Navigation path

Additional tools

  • Print version 
  • Decrease text 
  • Increase text 

Success stories

This selection of success stories provided by the Member States shows the potential benefits of using the various Single Market tools. The success stories refer to concrete cases and may inspire other Member States when faced with a similar problem.


Czech and German authorities cooperate on trade licences for entrepreneurs (CZ – IMI)

The Chamber of Crafts in Dortmund (Germany) asked us whether an entrepreneur had a Czech trade licence for a particular activity. We quickly provided the information requested. We found the cooperation via the IMI system very useful and effective. We will not hesitate to use IMI again.

Trade Licencing Office, Czech Republic


Cypriot authorities able to verify qualifications of Romanian physiotherapist (CY – IMI)

A Romanian citizen with permanent residence in Cyprus applied to us for permission to work as a physiotherapist in Cyprus. We were not sure about his qualifications, so we applied, through IMI, to the competent authority in Romania for further information. After a few weeks, the Romanian authority answered that he was not a physiotherapist but a teacher of physical education. Based on this information, we did not give him permission to work as a physiotherapist as he was not qualified.

Physiotherapists' Registration Board, Cyprus


Hungarian authorities get speedy answers on Slovak travel agency (HU – IMI)

A Slovakian travel agency wanted to provide cross-border services in Hungary. We needed to know if the agency exercised its activities in a lawful manner in its Member State of establishment. So we sent a request through IMI and asked our Slovakian colleagues about the representation of the company, which they confirmed the same day. We had some difficulties in understanding each other's interpretation of the financial background of the company, so we exchanged two or three pieces of information in a single day. We were logged onto the system all the time! Based on our experiences we can confirm that IMI really ensures quick communication between authorities.  

Trade Licensing Office, Hungary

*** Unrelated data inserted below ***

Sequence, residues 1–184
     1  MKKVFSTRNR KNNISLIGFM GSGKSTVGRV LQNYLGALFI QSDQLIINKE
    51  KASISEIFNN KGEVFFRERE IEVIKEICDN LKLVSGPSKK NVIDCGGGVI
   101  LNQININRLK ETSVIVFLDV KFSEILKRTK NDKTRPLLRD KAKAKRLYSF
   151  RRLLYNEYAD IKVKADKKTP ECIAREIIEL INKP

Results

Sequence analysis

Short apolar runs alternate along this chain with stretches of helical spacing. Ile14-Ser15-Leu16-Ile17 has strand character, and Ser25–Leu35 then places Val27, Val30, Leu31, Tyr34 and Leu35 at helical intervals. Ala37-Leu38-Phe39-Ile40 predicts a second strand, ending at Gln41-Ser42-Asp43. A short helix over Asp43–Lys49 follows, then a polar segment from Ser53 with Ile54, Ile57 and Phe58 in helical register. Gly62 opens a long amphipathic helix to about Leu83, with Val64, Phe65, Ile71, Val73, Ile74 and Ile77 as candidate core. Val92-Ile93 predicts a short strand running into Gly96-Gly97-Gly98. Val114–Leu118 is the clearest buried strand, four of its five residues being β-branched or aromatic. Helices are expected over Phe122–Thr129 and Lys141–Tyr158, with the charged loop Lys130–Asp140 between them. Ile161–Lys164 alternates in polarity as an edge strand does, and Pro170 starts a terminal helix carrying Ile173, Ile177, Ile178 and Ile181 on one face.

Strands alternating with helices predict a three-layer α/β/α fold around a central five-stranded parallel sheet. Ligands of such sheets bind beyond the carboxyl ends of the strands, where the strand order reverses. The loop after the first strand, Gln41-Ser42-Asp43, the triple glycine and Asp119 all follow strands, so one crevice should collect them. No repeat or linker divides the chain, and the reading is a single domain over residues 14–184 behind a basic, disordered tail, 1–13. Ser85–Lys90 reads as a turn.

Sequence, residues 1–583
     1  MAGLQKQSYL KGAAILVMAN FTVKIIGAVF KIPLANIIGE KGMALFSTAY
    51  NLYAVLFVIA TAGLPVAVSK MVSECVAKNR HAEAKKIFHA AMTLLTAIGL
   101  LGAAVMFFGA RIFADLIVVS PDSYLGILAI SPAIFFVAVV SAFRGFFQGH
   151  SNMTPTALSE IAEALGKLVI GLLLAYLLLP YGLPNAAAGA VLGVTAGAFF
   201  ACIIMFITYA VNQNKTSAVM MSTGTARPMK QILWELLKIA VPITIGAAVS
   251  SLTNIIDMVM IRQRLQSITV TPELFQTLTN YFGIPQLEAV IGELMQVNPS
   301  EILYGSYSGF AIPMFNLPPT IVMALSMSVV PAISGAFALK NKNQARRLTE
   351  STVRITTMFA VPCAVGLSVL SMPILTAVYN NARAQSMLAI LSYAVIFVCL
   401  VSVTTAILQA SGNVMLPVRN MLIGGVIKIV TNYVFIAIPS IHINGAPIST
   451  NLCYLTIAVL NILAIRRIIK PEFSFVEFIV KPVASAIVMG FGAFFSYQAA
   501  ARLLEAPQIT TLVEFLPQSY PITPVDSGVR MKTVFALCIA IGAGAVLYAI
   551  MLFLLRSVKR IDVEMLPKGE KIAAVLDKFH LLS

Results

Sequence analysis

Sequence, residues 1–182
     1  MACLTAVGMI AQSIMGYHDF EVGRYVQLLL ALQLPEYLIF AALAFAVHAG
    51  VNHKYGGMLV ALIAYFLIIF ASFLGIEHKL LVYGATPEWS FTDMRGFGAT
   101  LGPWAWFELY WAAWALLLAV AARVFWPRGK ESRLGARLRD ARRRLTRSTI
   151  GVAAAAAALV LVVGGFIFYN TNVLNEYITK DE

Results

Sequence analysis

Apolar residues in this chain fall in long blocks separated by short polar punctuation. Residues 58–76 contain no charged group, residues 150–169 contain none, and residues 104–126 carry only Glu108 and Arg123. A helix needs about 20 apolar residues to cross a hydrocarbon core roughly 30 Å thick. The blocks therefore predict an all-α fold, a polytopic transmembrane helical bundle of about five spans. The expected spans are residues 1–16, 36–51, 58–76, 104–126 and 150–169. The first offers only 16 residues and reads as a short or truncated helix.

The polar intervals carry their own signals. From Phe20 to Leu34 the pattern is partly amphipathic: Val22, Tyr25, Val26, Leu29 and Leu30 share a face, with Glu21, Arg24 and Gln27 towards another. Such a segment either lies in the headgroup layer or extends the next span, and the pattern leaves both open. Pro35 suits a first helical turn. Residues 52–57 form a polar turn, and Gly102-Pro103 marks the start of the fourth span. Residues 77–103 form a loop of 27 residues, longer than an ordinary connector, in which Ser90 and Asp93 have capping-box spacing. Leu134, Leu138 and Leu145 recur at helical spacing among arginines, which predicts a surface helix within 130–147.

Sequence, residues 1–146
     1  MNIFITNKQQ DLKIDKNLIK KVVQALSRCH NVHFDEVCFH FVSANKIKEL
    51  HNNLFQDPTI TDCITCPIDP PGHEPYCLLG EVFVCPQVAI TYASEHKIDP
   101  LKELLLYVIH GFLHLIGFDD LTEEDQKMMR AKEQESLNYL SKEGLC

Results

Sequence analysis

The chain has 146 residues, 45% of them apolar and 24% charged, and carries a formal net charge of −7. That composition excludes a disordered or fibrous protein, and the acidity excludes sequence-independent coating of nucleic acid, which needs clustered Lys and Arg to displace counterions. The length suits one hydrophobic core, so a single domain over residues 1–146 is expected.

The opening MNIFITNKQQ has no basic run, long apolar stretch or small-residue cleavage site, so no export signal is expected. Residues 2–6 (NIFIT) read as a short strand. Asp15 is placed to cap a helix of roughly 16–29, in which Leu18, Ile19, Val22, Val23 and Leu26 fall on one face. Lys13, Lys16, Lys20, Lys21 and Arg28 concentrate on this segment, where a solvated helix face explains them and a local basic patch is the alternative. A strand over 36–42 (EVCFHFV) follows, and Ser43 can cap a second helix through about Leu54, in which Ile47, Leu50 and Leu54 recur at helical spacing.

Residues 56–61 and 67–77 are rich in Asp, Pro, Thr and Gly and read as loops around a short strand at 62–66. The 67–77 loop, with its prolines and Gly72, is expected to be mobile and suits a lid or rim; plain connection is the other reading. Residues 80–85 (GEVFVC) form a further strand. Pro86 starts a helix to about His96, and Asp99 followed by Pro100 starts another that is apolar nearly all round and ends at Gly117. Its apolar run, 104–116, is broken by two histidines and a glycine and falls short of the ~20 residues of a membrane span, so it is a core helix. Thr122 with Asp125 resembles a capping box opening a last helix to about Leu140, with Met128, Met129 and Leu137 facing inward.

Slovenian tourist guide able to operate in Italy (SI – IMI)

A Slovenian tourist guide informed the Italian authorities about his intention to accompany Slovenian tourists to Italy. The Italian Department for the development of tourism wanted to know in its request through IMI if he was a licensed tourist guide and if the documents he presented were authentic. The scanned documents were attached to the request. We were able to confirm both facts the same day

Tourism and Hospitality Chamber, Slovenia


Finnish, Estonian and Polish labour authorities work together on posted workers (FI – IMI)

IMI made our lives easier. Finnish labour inspectors occasionally have difficulties with foreign employers if they don't provide the required documents, e.g. employment contracts of posted workers, records of hours worked or records of wages paid for work. In these cases Finland used IMI to ask for help from Estonian and Polish authorities, who were able to help us immediately. We think that IMI is a good system which makes it a lot easier to contact foreign authorities.

Ministry of Social Affairs and Health, Finland


German company receives tax refund (DE - SOLVIT)

A German construction company requested a VAT refund from the Spanish authorities, but the request remained unanswered for more than a year. This is in breach of the applicable EU rules. Thanks to SOLVIT's intervention, the procedure was speeded up and the company received the amount it had asked for.

German and Spanish authorities cooperate on health insurance questions (DE - SOLVIT)

A Spanish national had to be hospitalised when he was on holidays in Germany. Since he could present his European Health insurance card, he didn't have to pay the costs of the surgery and the hospital stay. However, upon his return back home, he received an invoice from the German Insurance for an amount of € 795. The applicant paid the invoice and claim reimbursement to the Spanish health insurance.

According to EU law, the health treatments received in Germany must be covered under the same conditions and at the same cost as people insured in Germany. When the Spanish authorities contacted their German counterpart to enquire about the amount that would be paid under the German system they were informed that only € 26.77 would be covered. The applicant therefore received that amount.